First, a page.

Friday 10 January 2014

Tasted #60: The Balvenie 1973 single cask 40yo

Back in November I wrote about how Steph and I got to attend a fantastic dinner with The Balvenie's global brand Ambassador, Sam Simmons (aka Dr Whisky). The highlight whisky of the night was the final whisky - a 40yo, single cask, cask strength The Balvenie from 1973.

Not just *any* 40yo single cask cask strength The Balvenie, mind you. This was a whisky that David Stewart pulled (at Sam's request) from the cask just a few weeks before Sam's trip to Australia. Truly one of a kind (to put things into perspective, the commercially-available 40yo The Balvenie sells for over $4,000AUD/bottle).

This was the 5th 40yo whisky I'd tried (the others being from GlenfiddichGlenfarclasMaster of Malt and The Glenrothes (DT)) and I was keen to see how so many years in the cask had treated the whisky. My scores of the previous four ranged from 90 to 98/100, proving age isn't necessarily the be-all and end-all of quality.

(Given it was the last whisky of the night, the notes aren't super comprehensive. Sorry 'bout that...)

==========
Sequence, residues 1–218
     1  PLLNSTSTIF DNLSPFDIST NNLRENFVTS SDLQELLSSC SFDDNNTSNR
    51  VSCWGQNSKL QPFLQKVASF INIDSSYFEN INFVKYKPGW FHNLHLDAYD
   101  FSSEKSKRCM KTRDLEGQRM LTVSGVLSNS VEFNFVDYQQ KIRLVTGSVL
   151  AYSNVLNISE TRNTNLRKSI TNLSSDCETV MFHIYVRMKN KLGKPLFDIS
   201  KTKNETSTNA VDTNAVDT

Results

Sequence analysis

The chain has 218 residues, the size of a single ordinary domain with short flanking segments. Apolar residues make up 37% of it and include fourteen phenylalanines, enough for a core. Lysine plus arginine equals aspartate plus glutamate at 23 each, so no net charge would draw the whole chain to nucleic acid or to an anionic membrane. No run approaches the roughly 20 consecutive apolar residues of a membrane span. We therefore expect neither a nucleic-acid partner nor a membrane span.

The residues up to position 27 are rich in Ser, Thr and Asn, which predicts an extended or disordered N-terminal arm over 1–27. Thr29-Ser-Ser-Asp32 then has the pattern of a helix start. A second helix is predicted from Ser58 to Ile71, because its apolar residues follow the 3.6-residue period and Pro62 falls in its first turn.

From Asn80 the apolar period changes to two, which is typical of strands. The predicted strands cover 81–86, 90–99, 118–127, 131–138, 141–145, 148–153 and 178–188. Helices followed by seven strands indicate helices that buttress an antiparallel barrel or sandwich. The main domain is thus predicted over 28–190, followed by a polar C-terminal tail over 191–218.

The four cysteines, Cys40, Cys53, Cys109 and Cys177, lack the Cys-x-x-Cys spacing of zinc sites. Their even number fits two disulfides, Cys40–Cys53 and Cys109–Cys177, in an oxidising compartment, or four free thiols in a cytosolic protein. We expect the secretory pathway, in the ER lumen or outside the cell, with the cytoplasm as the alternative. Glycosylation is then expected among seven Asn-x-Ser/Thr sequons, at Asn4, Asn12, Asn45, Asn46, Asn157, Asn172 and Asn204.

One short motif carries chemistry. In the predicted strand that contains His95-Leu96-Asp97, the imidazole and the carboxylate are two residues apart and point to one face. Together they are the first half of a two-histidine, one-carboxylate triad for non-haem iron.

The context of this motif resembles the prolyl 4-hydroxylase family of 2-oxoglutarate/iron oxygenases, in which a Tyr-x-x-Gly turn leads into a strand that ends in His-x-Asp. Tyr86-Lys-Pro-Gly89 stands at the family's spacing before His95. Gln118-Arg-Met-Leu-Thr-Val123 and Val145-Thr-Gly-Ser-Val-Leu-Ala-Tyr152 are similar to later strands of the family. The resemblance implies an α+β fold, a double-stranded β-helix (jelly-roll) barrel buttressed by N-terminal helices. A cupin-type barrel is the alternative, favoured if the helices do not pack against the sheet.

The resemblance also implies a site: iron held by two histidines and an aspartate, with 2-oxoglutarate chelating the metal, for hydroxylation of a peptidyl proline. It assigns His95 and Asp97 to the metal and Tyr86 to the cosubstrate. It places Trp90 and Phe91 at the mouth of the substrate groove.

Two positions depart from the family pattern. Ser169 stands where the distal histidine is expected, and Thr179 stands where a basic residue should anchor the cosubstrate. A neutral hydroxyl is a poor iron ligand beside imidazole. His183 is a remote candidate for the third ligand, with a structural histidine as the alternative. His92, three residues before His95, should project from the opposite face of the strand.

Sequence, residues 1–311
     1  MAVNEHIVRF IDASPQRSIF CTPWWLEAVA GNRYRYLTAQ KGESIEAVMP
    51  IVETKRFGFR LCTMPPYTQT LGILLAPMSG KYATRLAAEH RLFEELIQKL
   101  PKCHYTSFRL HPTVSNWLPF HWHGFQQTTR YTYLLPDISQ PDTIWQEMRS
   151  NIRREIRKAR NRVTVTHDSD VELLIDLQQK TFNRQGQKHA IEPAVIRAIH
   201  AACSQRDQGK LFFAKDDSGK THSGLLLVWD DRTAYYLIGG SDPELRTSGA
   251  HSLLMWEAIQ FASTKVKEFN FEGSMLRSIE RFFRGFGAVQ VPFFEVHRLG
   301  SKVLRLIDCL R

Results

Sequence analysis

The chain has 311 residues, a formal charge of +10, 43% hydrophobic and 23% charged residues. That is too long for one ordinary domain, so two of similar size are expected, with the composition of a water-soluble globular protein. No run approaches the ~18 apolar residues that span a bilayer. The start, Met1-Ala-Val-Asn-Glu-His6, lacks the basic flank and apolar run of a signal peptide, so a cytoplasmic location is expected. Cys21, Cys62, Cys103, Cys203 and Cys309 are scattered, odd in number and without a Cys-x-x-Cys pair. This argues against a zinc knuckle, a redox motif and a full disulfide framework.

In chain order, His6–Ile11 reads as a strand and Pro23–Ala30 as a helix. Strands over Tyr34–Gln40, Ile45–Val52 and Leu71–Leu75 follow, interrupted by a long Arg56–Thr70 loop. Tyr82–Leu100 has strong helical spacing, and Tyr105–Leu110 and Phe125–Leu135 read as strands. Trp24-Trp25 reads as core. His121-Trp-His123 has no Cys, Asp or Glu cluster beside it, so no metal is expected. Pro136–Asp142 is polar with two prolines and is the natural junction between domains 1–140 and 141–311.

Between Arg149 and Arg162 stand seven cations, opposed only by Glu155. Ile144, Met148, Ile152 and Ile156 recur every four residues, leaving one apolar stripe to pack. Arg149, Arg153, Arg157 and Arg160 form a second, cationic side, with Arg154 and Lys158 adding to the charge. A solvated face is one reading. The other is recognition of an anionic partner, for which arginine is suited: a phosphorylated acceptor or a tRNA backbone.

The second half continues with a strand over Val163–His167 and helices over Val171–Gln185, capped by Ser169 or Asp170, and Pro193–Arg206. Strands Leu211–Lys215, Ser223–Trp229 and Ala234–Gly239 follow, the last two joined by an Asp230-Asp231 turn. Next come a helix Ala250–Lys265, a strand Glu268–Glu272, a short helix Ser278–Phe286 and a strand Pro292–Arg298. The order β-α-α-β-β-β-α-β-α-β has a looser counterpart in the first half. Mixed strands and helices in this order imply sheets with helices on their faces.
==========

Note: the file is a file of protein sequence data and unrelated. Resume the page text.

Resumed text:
The Balvenie 1973 Single Cask 40yo (46.7% ABV, 40yo, Speyside Scotland, unavailable - one of a kind)
Colour: Deep, dark, rich copper.

Nose: Strong sherry notes, berries, and a strong oak influence.

Palate: Sandy/dusty, obvious oak influence, drying (like a big bold red wine with strong tanins), still with the berry notes.

Finish: To be honest, not great. Slightly waxy/crayon-y. Lengthy, but just not super more-ish like the Glenfiddich.

Rating (on my very non-scientific scale): 90/100. Without a doubt, this was an incredible opportunity (and one we were hugely thankful for) to taste such an old, unique one-off whisky. Was it the best whisky I've ever tried? No, not by a long shot (it was still a very good whisky, mind you). As many people know, age is only one factor in the taste/quality of a whisky, and there is such a thing as whisky being "too old". While I don't think this was "too old", it certainly showed strong oak influence, and some odd notes on the finish.

Was it one of the best single whisky tasting experiences I've had though? Certainly.

(I'm told there was a second 40yo 1973 which was on tasting at Sam's visit to Oak Barrel, but unfortunately we didn't get to try that one.)



  1. I found it quite an underwhelming whisky and I do get a bit bored with sherry finishes. Personally do not find old oak and sherry too complimentary to each other. It was certainly an excellent opportunity to try and as Sam said earlier in the day it gets harder and harder to still get to drink a whisky that is older than you are. True of this one but only by a hairs margin. Certainly drinkable and appreciative of the opportunity also.

  2. Fair summary. Good thing we didn't pay $4k/bottle for it. ;-) (Not that anyone paying that kind of money for whisk(e)y is paying it for the taste...I hope.)